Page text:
A 20-year-old killer whale that has been at SeaWorld San Diego since his birth died Thursday night following treatment for an infection, the park announced Friday.
Despite aggressive efforts to treat the infection, the orca, Nakai, died surrounded by members of the animal care and medical teams who had worked closely with him over the last two decades, SeaWorld San Diego said in a statement.
Nakai’s death leaves SeaWorld with eight remaining killer whales, ranging in age from 9 to 57. The marine park is unable to expand its orca population after having instituted a breeding ban in March 2016, following years of pressure from animal rights protests and shifting public opinion about orcas being held in captivity.
Nakai, who was born in September 2001 at SeaWorld, is the park’s second orca to die in the past year. Amaya, a 6-year-old female, died Aug. 20, 2021. Before that, the most recent death was that of Kasatka, a 42-year-old female who died from a lung disease in August 2017.
“Every attempt was made to save (Nakai’s) life,” SeaWorld said in a statement. “Veterinarians and health specialists had been actively treating an infection, but aggressive therapeutic and diagnostic efforts were unsuccessful.”
The park did not specify what kind of infection killed the orca.
The animal welfare group People for the Ethical Treatment of Animals said that on Friday morning, just hours after Nakai died, a SeaWorld visitor sent the organization a video showing “a violent attack between orcas ... resulting in a serious wound to at least one of the animals.”
The PETA statement pointed out that Nakai was also attacked in 2012 “when he was kept in a tiny concrete tank with incompatible orcas,” resulting in the loss of a chunk of his jaw.
“In two days, one orca has died and another has been attacked by other frustrated, tightly confined orcas, leaving him with a serious injury — and young children as witnesses to the carnage,” Tracy Reiman, PETA’s executive vice president, said in a statement. “PETA is calling on the (U.S. Department of Agriculture) to investigate SeaWorld for holding animals in conditions so stressful they would lead to horrific attacks, and reminds families to stay away from any park that imprisons these animals.”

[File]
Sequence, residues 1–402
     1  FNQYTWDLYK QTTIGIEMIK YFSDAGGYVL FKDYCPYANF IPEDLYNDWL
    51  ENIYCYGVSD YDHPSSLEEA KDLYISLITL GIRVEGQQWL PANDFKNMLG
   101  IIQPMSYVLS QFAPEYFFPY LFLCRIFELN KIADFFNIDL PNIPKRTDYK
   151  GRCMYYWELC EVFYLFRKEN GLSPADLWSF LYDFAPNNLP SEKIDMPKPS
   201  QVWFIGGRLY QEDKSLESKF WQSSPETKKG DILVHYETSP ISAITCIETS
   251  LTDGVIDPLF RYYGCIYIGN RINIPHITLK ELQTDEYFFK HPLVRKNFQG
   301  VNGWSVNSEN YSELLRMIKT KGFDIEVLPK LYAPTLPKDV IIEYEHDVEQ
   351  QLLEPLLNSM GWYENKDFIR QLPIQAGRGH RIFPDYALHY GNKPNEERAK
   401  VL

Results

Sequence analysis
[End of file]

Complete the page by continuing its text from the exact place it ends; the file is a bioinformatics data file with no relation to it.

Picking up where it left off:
PETA, whose motto reads in part that “animals are not ours to use for entertainment,” included a copy of the letter it sent the Department of Agriculture on Friday urging an investigation into that morning’s alleged incident at the park.
A SeaWorld spokesperson wrote in an email that the PETA video “is misleading and misconstrued,” citing two recent scientific papers to argue the video showed “common orca behaviors exhibited by both wild populations and those in human care as part of natural social interactions.”
SeaWorld said in a statement that Nakai will “be remembered as a curious and quick learner, often picking up behaviors just by observing the other whales in his pod.”
The park said that skill prompted scientists to use Nakai in hearing studies that sought to better understand how noise from ships and other human activity impacted orcas.
“His contributions to helping improve the health and survival of whales in the wild cannot be underestimated and will never be forgotten,” the statement said.
An unnamed member of Nakai’s team who helped care for the killer whale since his birth described Nakai in the statement as a “very friendly and an overall playful guy who loved to interact with people.”
Criticism regarding SeaWorld’s killer whale populations has intensified over the past decade following the release of the 2013 documentary “Blackfish,” which focused on the life of Tilikum, an orca responsible for killing trainer Dawn Brancheau in 2010 when he dragged her into a pool at SeaWorld Orlando. The movie implied that orcas become more aggressive in captivity.
SeaWorld subsequently announced it was ending killer whale shows at its parks. In 2017, the San Diego park became the first location to replace its traditional, trick-laden Shamu performances with an educational program that highlights the orcas’ natural behaviors in the wild.